n (%) Males

n (%) Females)

n (%) Missing

166 (43.8)

201 (53.0)

12 (3.2)

 

 

EDUCATION

n (%)

 

Primary

5 (1.3)

 

Secondary

192 (50.7)

 

Tertiary

182 (48.0)

 

 

 

OCCUPATION

n (%)

 

Students (at least High School)

287 (75.7)

 

Health workers

75 (19.8)

 

Teachers

12 (3.2)

 

Other Profession

5 (1.3)

 

Total

379 (100)

 

Vaccination coverage among the participants was as high as 366/379 (96.6%). Participants who received the vaccine reported of adverse events ranging from known (what has been described to be associated with the vaccine as presented by the CDC) and reported such as fever, headache, chills, stomach ache and diarrhoea to unknown (what was not found to be listed to be associated to the pandemix influenza vaccine) and unreported such as pain in the heart, fast heartbeat and others presented in table 2 (Table 2).

Table 2. Frequently reported adverse event associated with influenza A (H1N1) 2009 vaccine in Central Ghana.

Adverse event

N (% of responses)

% of cases

Fever

148 (10.3)

40.7

Headache

168 (11.7)

46.2

Fatigue

116 (8.1)

31.9

Vomiting

13 (0.9)

3.6

Nausea

34 (2.4)

9.3

Stomach ache

23 (1.6)

6.3

General body pains

139 (9.7)

38.2

Swelling at injection site

28 (2.0)

7.7

Diarrhoea

20 (1.4)

5.5

Inflammation at site

12 (0.8)

3.3

Itching

22 (1.5)

6.0

Dizziness

48 (3.4)

13.2

Drowsiness

68 (4.7)

18.7

Sleeplessness

68 (4.7)

18.7

Loss of appetite

56 (3.9)

15.4

Chills

77 (5.4)

21.2

Restlessness

48 (3.4)

13.2

Stuffy nose

21 (1.5)

5.8

Fast heart-beat

28 (2.0)

7.7

Pain in heart

10 (0.7)

2.8

Severe pain at injection site

176 (12.3)

48.4

Runny nose

34 (2.4)

9.3

Others

8 (0.6)

2.2

None

69 (4.8)

19.0

Total

1434 (100)

394.0

*Valid cases: 364 participants vaccinated with H1N1 influenza vaccine with multiple responses to symptoms experienced.

Hospitalization, a serious adverse event, of 4.4% (16/366) was recorded among the participants who received the vaccine for the adverse events reported after vaccination. Majority, 56.3% (9/16), of the hospitalized individuals stayed on admission for three (3) days with only one person who had a prolonged stay of seven (7) days in hospital (Figure 1).

Figure 1. Number of days of hospitalization of vaccinated participants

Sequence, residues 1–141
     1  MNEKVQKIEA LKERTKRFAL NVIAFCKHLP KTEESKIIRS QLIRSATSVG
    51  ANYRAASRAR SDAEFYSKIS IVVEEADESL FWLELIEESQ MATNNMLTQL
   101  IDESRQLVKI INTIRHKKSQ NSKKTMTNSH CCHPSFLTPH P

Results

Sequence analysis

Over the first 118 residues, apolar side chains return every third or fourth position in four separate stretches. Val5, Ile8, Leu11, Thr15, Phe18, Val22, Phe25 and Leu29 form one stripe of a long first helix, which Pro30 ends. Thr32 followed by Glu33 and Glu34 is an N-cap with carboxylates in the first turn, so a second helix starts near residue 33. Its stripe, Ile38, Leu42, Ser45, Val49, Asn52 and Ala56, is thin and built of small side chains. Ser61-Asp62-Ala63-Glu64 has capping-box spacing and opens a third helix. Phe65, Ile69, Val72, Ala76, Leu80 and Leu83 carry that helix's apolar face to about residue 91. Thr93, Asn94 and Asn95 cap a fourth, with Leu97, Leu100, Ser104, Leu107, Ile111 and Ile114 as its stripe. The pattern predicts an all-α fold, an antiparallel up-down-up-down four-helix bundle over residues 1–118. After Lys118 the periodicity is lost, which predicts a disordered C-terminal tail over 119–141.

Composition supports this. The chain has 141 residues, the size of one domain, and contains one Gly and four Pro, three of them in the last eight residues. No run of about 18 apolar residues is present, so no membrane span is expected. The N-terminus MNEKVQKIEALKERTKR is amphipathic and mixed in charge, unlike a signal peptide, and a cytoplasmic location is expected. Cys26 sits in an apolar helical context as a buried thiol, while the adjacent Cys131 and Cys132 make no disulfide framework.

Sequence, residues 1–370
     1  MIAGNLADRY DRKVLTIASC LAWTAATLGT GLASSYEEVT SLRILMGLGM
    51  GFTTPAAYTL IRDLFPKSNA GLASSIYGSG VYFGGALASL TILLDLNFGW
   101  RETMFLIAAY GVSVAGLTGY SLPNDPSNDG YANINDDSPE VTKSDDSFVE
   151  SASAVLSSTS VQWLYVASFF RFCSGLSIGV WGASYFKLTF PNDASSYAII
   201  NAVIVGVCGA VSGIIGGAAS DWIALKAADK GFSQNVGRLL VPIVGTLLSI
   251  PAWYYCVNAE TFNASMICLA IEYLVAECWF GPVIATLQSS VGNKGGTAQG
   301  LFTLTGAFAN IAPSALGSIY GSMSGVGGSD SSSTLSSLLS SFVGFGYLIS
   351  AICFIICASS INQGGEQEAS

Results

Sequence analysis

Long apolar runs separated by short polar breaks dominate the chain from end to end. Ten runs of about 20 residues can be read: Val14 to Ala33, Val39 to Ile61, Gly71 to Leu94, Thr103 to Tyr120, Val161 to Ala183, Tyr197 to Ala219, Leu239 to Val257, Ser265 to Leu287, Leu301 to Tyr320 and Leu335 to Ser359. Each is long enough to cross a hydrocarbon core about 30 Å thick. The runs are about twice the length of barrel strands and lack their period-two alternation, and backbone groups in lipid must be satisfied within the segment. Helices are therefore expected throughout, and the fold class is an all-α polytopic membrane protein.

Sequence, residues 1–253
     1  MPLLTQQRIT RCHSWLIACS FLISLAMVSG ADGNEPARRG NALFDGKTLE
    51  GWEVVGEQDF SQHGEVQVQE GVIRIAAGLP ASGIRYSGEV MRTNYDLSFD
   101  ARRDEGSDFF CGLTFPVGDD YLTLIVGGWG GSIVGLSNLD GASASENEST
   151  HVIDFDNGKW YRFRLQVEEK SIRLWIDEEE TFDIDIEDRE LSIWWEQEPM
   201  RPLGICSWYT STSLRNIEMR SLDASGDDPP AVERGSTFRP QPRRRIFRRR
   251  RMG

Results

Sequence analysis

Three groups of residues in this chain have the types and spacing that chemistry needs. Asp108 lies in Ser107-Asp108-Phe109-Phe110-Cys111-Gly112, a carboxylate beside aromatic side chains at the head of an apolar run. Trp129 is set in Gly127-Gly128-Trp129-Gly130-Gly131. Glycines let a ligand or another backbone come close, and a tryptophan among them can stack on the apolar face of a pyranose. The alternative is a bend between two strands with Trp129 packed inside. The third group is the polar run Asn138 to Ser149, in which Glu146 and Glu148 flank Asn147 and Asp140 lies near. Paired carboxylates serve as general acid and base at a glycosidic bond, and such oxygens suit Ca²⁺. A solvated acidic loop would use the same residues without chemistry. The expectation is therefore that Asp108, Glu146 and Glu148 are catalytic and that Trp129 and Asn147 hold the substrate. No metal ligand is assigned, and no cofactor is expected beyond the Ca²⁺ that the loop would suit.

Of the 4.4% of the vaccinated participants that were hospitalized, 43.8% (7/16) were males and 56.3% (9/16) were females. There was no significant difference (p=0.97) between the proportions of males and females that were hospitalized after vaccination.

In total, 68.3% (250/379) of the participants responded to the question on the duration it took for an adverse event experienced after vaccination to resolve. The duration a participant endured an adverse event ranged from a minimum of one day to a maximum of twenty days (Table 3).

Table 3. Indication of the number of days participants experienced the side effect after vaccination

Duration for AE to clear

N (% of responses)

1-3 days

128 (51.2)

4-6 days

75 (30.0)

7-9 days

29 (11.6)

10-20 days

18 (7.2)

Total

250 (100)

Discussions

Ghana started use of Pandemrix- Influenza A (H1N1) vaccine in June 2010. Upon its introduction, there was a lot of public outcry about the adverse events experienced after vaccination. The heightened media attention increased the awareness of the public to the potential vaccine side effects. The symptoms observed from the participants in multiple responses after vaccination that were heightened ranged from “severe pain at injection site” (12.3%), “headache” (11.7%), “fever” (10.3%) and “General body pains” (9.0%) to unexpected “fast-heart beat” (2.0%) and “pain in heart” (0.7%) adverse events (Table 2). Notably, with the emerging suspicion that Pandemrix could be linked to narcolepsy [32,33], the survey recorded 4.7% of drowsiness (feeling sleepy) and 4.7% of sleeplessness.

This survey of 379 people considered to be in a high-risk group to receive the pandemrix recorded sixteen (16) hospitalizations due to symptoms reported after vaccination. The study was not controlled and therefore could not make claims of whether the serious adverse events were associated with the vaccine. However, it is interesting to note the prolong hospitalization was recorded of individuals that received the vaccine and were hospitalized for the adverse events they developed.

The study was not designed to do proper systematic causal assessments of the serious adverse events and therefore does not have the power to suggest and claim that the adverse events recorded in the interviews were related to the vaccine administered. Folders of hospitalized participants were not further reviewed for their clinical history and other possible cause of their hospitalizations.

Participants were selected to minimize bias by simply selecting participants who were ready to consent and respond to our questionnaire, providing a control group for better analysis would have minimized speculations and assumptions.

The study had a limitation of selection bias. Since the study was interested to source information on adverse and serious adverse events after vaccine administration, participants’ selection was from high risk individuals who had been considered for vaccination with the H1N1 Influenza Pandemrix vaccine.